A female cyclist was hit by an automobile driver at approximately 12: 15 pm today on Rt. 9W near state line and was critically injured.
She was moved by paramedics to a staging area about a quarter of a mile south of the accident scene, and was then airlifted by helicopter to the Westchester Medical Center across the Hudson River at about 1 pm, as her husband stood by.
The location of the accident was a few feet shy of the bottom of the hill where there is a light and the opportunity for cyclists and motor vehicle drivers to be squeezed, especially during changing lights. About 10 miles from the George Washington Bridge, the descent is particularly fast but also very narrow, and the potential for accidents is great.
Earlier today in the same location, one lane on the northbound side had been coned off by workers and local police officers, forcing northbound traffic into a middle lane that opposed southbound traffic but it was unclear if those conditions still existed at the time of the accident.
Visibly upset, with a torn blue triathlete jersey, and wearing a makeshift support on his left arm, in response to whether he felt okay to talk about the accident he said, "I will not blog about my wife," and walked away.
Alpine New Jersey police officers at the scene had declared the area sealed for an accident investigation but said they did not know anything about what happened.
A dispatch officer who answered the phone at the Alpine police headquarters said more information would be forthcoming but at this time he was not able to talk to the press.
It was unclear if the woman had been struck traveling north or southbound, but her bike lay a few feet away from the intersection of Rte. 9W on the north bound lane and the exit ramp and stop light for State line, on the New Jersey side.
Her bike was in one piece, with blood soaked articles of clothing around it. A sportscar stood parked a few feet ahead, it's driver outside the vehicle, while police officers asked riders to keep moving. It was unclear if the driver had been involved in the accident, but since the area had been sealed for an investigation, he most likely had been.
Car traffic was blocked from entering the scene of the accident from both directions, and cyclists traveling northbound were stopped at the top of the hill before the descent to the next intersection and state line.
Pic: Paramedics bring stretcher to move accident victim about 1/4 mile south of state line on 9W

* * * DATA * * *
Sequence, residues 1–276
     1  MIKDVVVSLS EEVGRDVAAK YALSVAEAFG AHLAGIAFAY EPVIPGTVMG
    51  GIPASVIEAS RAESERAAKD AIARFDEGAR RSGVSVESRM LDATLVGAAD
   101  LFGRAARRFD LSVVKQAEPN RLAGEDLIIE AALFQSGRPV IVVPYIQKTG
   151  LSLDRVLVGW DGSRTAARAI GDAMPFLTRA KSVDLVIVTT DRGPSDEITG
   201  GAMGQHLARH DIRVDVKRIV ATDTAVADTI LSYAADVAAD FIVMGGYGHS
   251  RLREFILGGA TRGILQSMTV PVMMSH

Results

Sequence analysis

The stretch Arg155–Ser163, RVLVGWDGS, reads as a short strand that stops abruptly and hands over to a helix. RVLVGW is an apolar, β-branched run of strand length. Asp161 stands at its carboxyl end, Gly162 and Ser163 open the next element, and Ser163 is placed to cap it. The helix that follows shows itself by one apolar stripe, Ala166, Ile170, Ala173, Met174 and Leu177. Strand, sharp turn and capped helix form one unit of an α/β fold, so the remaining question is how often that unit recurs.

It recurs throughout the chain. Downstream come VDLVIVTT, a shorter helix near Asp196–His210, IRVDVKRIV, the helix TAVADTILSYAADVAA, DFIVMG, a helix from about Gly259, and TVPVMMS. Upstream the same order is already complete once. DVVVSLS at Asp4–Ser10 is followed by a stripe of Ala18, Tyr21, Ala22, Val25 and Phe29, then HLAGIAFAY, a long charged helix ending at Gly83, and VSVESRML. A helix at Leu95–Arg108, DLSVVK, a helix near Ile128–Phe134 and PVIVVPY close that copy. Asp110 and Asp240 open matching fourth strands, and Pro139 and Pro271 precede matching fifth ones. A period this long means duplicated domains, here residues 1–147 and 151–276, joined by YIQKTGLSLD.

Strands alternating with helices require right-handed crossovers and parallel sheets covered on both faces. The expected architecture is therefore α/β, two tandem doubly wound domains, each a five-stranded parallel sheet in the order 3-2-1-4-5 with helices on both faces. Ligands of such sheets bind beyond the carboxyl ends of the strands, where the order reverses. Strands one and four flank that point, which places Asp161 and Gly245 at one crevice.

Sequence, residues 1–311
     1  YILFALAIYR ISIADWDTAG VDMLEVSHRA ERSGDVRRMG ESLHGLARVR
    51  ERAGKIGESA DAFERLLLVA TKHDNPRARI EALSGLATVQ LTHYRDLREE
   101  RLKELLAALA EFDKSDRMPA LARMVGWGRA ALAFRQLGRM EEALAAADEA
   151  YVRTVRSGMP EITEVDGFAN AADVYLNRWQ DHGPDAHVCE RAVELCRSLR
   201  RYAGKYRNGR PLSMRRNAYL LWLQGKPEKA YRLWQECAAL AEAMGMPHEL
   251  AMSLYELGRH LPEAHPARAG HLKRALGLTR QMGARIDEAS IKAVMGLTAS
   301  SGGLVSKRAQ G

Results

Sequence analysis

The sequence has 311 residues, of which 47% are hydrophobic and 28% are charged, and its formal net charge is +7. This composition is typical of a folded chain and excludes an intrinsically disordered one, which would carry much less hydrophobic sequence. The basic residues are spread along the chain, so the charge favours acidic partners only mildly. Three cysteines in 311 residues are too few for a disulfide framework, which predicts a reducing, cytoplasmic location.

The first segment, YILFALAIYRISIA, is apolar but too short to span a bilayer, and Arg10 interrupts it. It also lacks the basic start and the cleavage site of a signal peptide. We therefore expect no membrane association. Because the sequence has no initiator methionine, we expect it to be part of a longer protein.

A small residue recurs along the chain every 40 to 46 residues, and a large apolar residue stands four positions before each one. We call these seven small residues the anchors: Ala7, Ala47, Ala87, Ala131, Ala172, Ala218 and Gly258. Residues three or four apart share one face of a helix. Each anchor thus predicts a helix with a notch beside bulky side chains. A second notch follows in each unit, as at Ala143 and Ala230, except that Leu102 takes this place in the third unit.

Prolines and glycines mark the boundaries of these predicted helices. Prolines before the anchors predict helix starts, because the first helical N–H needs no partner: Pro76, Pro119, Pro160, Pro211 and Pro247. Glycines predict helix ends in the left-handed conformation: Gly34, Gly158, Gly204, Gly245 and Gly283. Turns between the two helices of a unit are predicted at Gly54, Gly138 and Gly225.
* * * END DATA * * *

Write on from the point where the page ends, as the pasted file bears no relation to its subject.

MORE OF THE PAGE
A fire department employee who had been called to the scene when asked about the accident said he did not know why it occurred but wasn't surprised since cyclists he said "always go over the white line."
When it was pointed out to him by BBB that there was no space on either side of the road next to the white line because the road had been re-engineered to remove the shoulder entirely, he said, "well, it's a state highway, cyclists shouldn't be riding on the road at all." Though he did acknowledge that his father is a triathlete and he always tells him to be careful.
John Birnbaum, a New Milford, NJ paramedic on the scene who was not working on this accident said he was driving nearby when he heard the call come in over his radio.
Birnbaum said the cyclist's condition would have to be good enough for the county to send a helicopter to the scene, but bad enough that it was necessary.
Pic: Helicopter taking off for Westchester Medical Center.
He noted if her condition had been extremely critical with no chance of survival, she would have been taken to a nearby hospital.
As BBB continued to head south, the very visible truck belonging to the Bergen County Prosecutor's office with the words "Prosecutor" emblazoned on the side, was heading north on Rte. 9W.
Prosecutors are normally called to the scene when an accident is or could become fatal after the victim has been moved to a medical facility.
Pic: In the background, accident victim is being taken by stretcher into the helicopter, while her husband walks away.
The area of the accident is sealed off so that tire tread impressions of both the motor vehicle and the bicycle can be taken: measurements of the distance between the car and the bicycle; and the distance between the cyclist and the bicycle are also taken. The distance that objects that have been thrown by the impact of the accident are also measured to get a sense of how fast the driver was going when they hit the cyclist (or vice versa).
Also, eyewitnesses are interview, which in this case includes the victim's husband who was cycling with her, and the automobile driver.
Once the prosecutor has made an assessment of the cause of the accident, they decide whether to prosecute the driver for fault.
As we wrote in the follow up to the accident last November that killed cyclist Camille Savoy, although prosecutors were able to prove that tire marks showed the driver crossed over the white line by over one and a half feet to fatally hit Savoy, she was not found guilty by the presiding judge in Alpine, NJ, and did not even receive the minimal violation of careless driving.